During the first three weeks of 2008, Mexico alone slaughtered 1,961 horses imported from the U.S., compared with 706 during the same time period in 2007, an increase of 178 percent. Exports to Canada rose similarly, resulting in an estimated 134,000 horses being exported for slaughter in 2008, the highest number since 2005. That 2008 figure has declined slightly because of a reduction in demand worldwide, due to the worsening economic conditions that triggered the rise in U.S. exports in the first place
These facts are all readily available to anyone with a computer and Internet capability, as is the actual breakdown of voting by the House and Senate on H.R. 2112 (298-121 for House passage, 70-30 for Senate passage). You can also find articles about abandoned horses, starving horses, struggling and insolvent horse rescues, and any other unimaginable horror that might befall our trusted companions.
But here’s the thing about the Internet, bless its high-tech, easily corrupted little heart: What passes for information is often-misinformation.
Not coincidentally, much of the misinformation is coming from the ideologically resolute, anti-slaughter-at-all-costs crowd. They feel very strongly about the issue, and their passion is evident in the long, rambling, statistically bereft dissertations they put forward as fact. I’ve seen this passion before, from the same people who couldn’t understand why Dr. Dean Richardson didn’t just perform a leg transplant on Barbaro.
If you’ve made it this far down the page, I assume you have at least a passing interest in this issue. More than a few of you have probably adopted or rescued a horse. Or multiple horses, as have I.
Occasionally, a visitor to my farm will recognize one of my slothful retired thoroughbreds from their racing days. “What a lucky horse!” is the typical reaction. To the contrary: I am the lucky one, because I have the means to care for these horses. For the majority of horses being exported for slaughter, their owners were not so lucky.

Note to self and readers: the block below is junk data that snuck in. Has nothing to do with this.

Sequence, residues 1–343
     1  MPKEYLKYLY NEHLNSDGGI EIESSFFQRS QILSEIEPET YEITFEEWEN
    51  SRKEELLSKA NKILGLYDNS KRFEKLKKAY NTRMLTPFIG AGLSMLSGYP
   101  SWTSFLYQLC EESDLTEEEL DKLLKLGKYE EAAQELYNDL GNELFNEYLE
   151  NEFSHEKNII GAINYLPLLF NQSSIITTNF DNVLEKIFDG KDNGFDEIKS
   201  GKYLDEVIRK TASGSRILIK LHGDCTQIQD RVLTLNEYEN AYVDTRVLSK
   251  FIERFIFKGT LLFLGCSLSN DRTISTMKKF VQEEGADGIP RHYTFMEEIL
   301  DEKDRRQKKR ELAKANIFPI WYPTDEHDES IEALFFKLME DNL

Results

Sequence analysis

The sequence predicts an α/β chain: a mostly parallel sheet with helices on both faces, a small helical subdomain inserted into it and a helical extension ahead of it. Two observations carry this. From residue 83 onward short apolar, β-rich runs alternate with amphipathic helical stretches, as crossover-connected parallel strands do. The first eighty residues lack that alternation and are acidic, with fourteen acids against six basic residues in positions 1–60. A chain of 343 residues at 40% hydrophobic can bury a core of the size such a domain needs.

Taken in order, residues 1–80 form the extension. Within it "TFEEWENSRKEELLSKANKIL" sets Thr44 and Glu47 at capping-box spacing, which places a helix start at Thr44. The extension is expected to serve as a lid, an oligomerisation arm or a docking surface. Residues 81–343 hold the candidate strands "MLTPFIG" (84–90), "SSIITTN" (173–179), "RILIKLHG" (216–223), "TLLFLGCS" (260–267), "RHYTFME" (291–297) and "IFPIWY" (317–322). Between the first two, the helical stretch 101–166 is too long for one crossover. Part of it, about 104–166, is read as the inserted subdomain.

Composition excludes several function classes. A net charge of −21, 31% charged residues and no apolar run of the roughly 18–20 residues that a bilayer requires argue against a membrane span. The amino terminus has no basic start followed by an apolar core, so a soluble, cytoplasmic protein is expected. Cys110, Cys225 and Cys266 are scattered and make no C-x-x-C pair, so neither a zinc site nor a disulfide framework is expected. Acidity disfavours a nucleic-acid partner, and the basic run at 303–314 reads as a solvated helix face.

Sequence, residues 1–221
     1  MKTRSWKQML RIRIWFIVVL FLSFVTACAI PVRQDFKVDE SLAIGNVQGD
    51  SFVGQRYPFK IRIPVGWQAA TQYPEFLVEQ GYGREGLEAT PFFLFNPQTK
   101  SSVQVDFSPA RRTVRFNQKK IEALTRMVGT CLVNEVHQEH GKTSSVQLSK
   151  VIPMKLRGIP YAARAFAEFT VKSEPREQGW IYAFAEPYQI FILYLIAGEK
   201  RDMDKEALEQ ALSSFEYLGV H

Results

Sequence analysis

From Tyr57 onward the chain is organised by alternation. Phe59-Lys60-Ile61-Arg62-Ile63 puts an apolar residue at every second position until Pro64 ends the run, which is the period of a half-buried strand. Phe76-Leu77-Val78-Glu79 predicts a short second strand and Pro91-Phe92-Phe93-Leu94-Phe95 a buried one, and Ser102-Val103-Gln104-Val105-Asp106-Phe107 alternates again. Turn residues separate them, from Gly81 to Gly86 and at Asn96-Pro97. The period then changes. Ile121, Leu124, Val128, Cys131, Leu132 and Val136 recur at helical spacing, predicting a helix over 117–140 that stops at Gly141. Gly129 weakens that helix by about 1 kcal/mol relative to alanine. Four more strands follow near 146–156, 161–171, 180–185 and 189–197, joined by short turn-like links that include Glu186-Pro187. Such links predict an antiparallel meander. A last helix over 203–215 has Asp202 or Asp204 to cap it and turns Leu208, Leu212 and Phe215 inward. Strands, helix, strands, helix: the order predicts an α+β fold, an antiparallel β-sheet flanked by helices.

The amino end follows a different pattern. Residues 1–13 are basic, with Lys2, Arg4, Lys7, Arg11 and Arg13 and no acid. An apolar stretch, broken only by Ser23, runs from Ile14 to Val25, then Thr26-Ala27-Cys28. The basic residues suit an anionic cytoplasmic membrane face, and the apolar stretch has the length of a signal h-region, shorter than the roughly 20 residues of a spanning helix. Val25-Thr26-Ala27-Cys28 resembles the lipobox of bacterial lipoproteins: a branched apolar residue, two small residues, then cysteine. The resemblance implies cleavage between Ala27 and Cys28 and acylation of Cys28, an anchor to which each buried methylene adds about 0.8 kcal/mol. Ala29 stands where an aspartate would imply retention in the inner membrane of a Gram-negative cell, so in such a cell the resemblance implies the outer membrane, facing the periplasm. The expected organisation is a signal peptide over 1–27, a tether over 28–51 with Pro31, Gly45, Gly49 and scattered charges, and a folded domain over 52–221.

For horse lovers, it’s virtually impossible to take emotion out of the horse slaughter argument. So why don’t we put that ardor to good use? If you’re able, why not make a donation to an equine charity such as C.A.N.T.E.R., Healing Hearts, or the United Pegasus Foundation (and by “donation” I don’t mean a sick or lame horse the charity will be forced to euthanize, or a “pasture sound” horse the charity will have to maintain for life).
Or, send a check to one of the equine groups that offer free or low-cost euthanization, and help make a not-so-lucky horse owner’s painful decision a little easier. To that end, start a fund to ensure that your own horse will meet a peaceful end when the time comes. Don’t think about it; just do it.
Horse slaughter here in the U.S., while unconscionable on so many levels, is preferable to sending horses across the border to meet the same fate. The People for the Ethical Treatment of Animals (PETA) agree. Personally, I would like to see Temple Grandin, who deserves more credit than anyone for making slaughterhouses as efficient and humane as possible for cattle, get involved.
If we all did just a little, then maybe so few of us — like the sainted people who run horse rescues — wouldn’t have to do so much.